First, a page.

Once you've practised and mastered each discipline, as well as digested Mr. Miyagi's many words of wisdom, it's time to tackle the Budokan tournament itself which is a bit reminiscent of the Kumite featured in the splendid JCVD film, Bloodsport. Luckily, this one doesn't make you qualify for the tournament by way of a 'Dim Mak' and instead thrusts you straight into the first of a potential twelve tough matches. Opponents use a variety of disciplines, including some techniques and weapons not available to you, but you can choose which of your four disciplines you want to use against them. However, you can only use each one up to four times so you can’t just smack everyone up with a kendo sword! Indeed, patience and strategy are required here in abundance over manic button-mashing tomfoolery - anyone who takes that approach will make very little progress.

Practising Kendo with a sparring partner...
It's not even realistically possible actually. As there's only the one attack button, each move you perform needs to be planned in advance as well as executed at the right time. Budokan is a game that split opinions among the gaming press of the day and it’s this aspect of it which seemingly caused the division. The pace of the action is slow. It's a game that should be played in a careful and considered way. Trying to play like you're in an arcade playing Street Fighter 2 or something will lead to frustration, and that's the game's biggest problem. The controls take a lot of getting used to - even if you've studied the instruction manual and memorised all the moves, actually executing them is another story, to begin with at least. First impressions are that the controls are horribly unresponsive and sluggish, and as a result of the 'ki' system, that feeling never fully goes away.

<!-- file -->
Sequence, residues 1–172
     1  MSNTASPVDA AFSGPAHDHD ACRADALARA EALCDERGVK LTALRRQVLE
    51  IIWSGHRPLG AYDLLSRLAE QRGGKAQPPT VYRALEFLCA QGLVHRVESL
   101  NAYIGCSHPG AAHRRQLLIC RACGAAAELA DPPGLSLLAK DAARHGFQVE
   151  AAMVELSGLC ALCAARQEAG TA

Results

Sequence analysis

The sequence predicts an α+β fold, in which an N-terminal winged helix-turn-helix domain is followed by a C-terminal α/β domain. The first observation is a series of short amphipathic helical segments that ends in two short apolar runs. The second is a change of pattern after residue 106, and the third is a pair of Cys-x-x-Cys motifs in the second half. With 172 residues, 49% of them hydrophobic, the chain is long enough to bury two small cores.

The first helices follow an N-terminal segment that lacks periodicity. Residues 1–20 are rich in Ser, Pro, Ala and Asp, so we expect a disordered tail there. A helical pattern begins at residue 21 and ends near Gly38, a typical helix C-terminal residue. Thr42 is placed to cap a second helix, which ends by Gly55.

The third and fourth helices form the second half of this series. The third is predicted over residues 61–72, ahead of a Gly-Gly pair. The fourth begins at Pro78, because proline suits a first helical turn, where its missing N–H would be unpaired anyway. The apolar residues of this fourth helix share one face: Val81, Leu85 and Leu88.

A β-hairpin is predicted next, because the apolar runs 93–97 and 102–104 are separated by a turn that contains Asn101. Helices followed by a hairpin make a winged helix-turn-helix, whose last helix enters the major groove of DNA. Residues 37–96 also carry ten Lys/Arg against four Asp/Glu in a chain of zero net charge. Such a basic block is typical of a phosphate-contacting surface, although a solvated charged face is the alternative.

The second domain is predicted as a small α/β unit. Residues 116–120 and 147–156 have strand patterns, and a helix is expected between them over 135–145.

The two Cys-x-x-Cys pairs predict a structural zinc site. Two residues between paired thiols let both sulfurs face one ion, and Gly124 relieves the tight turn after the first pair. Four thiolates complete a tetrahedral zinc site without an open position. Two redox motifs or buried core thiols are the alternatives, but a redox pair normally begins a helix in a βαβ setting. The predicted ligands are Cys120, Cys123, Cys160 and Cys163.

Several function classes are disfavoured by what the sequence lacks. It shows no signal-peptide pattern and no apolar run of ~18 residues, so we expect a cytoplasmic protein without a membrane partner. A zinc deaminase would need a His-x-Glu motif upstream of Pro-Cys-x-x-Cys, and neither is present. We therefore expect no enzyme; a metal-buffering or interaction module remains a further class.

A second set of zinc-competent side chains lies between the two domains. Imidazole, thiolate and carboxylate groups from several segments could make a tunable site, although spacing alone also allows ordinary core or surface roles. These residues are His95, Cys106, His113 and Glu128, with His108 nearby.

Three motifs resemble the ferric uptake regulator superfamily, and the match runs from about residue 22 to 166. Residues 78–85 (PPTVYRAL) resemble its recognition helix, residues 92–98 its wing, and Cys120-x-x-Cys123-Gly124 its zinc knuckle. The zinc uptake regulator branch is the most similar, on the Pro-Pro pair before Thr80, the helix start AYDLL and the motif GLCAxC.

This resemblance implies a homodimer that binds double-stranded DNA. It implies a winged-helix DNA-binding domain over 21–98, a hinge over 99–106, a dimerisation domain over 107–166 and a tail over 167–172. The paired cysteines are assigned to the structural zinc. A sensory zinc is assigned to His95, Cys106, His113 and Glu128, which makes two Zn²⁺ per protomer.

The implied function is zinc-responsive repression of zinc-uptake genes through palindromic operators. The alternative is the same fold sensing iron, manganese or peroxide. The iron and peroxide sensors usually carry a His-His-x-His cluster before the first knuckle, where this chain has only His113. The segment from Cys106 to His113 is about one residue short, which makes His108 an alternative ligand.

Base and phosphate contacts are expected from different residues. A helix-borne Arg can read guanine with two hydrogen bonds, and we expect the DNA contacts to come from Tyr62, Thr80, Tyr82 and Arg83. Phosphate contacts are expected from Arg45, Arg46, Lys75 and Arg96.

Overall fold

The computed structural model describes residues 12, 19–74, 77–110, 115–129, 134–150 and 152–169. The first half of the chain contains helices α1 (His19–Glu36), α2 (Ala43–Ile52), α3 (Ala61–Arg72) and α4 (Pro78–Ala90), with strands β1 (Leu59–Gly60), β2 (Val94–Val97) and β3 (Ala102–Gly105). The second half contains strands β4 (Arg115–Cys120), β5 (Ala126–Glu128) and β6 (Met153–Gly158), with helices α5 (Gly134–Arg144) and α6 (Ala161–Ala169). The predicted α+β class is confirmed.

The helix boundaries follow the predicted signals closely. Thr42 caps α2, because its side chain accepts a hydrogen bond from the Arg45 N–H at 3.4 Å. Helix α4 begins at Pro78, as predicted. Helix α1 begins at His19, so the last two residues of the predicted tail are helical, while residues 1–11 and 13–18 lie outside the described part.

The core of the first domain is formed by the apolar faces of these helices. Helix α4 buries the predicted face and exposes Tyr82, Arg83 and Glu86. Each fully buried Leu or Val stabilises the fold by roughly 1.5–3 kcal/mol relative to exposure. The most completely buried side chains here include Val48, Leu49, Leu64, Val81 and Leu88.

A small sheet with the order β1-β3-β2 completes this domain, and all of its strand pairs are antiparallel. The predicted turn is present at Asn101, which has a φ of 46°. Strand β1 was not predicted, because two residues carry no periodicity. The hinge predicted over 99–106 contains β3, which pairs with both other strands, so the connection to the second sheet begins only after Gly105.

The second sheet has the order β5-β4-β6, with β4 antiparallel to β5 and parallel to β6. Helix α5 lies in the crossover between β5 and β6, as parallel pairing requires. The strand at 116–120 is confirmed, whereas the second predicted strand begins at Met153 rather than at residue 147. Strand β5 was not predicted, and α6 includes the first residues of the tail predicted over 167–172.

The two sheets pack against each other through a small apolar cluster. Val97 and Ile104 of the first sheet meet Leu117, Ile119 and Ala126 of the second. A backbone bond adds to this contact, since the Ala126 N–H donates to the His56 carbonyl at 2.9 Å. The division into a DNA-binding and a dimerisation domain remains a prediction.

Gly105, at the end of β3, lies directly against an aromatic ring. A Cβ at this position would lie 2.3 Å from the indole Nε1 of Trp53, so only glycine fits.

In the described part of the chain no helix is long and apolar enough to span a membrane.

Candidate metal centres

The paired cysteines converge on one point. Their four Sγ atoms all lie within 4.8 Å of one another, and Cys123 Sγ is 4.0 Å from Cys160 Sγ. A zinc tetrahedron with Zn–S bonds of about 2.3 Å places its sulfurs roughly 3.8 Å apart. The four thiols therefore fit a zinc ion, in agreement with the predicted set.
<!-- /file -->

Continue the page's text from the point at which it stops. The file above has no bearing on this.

This sushi-eating buffoon is surprising tough...
Realistic or not, the controls often prove an irreparable turn-off for many Budokan players. Something else that disappoints some gamers is the audio and visual aspects of the game. Again, thanks to the more realistic nature of proceedings, there's no battling through neon-lit streets, bar-rooms, factories, etc - here it's sensible training rooms and combat arenas which means there's isn't too much variety. That applies to the sprites too. Some opponents in the tournament are quite interesting but most have a similar look as you can no doubt tell from the screenshots here. They're all animated well though, even the realistic and impressive shadows, and the backgrounds are quite nice even if there isn't many of them. Along with the oriental-style music and effects, they create a great atmosphere.

He might wear a bowl on his head but he's skilled!
Sadly though, the fact is that even with authentic visuals and music, and a selection of real and realistically-portrayed martial arts, most gamers won't give Budokan the time of day. I can understand this to some extent - it is frustrating to start with and progress is slow. Most gamers play fighting games simply to smack the crap out of some computer-controlled idiots, or even better, their friends in a two-player battle, and that's something that Budokan can't really cater for. There is a two-player mode but it's a rather limited one restricted to short one-off battles that have nothing to do with the main game beyond offering a bit of practise - the emphasis is very much on the the one-player game here and, while clearly a lot of thought and effort has been put into it, it's not really one that will appeal to most gamers. If the thought of a slower, more cerebral combat game sounds like your thing though, this could be the one you've been looking for. Try with caution!

RKS Score: 6/10


  1. Fond memories of this and the square cartridge it came on. Agree with review :)

  2. Yeah, good old EA MegaDrive carts with the mysterious yellow tab :P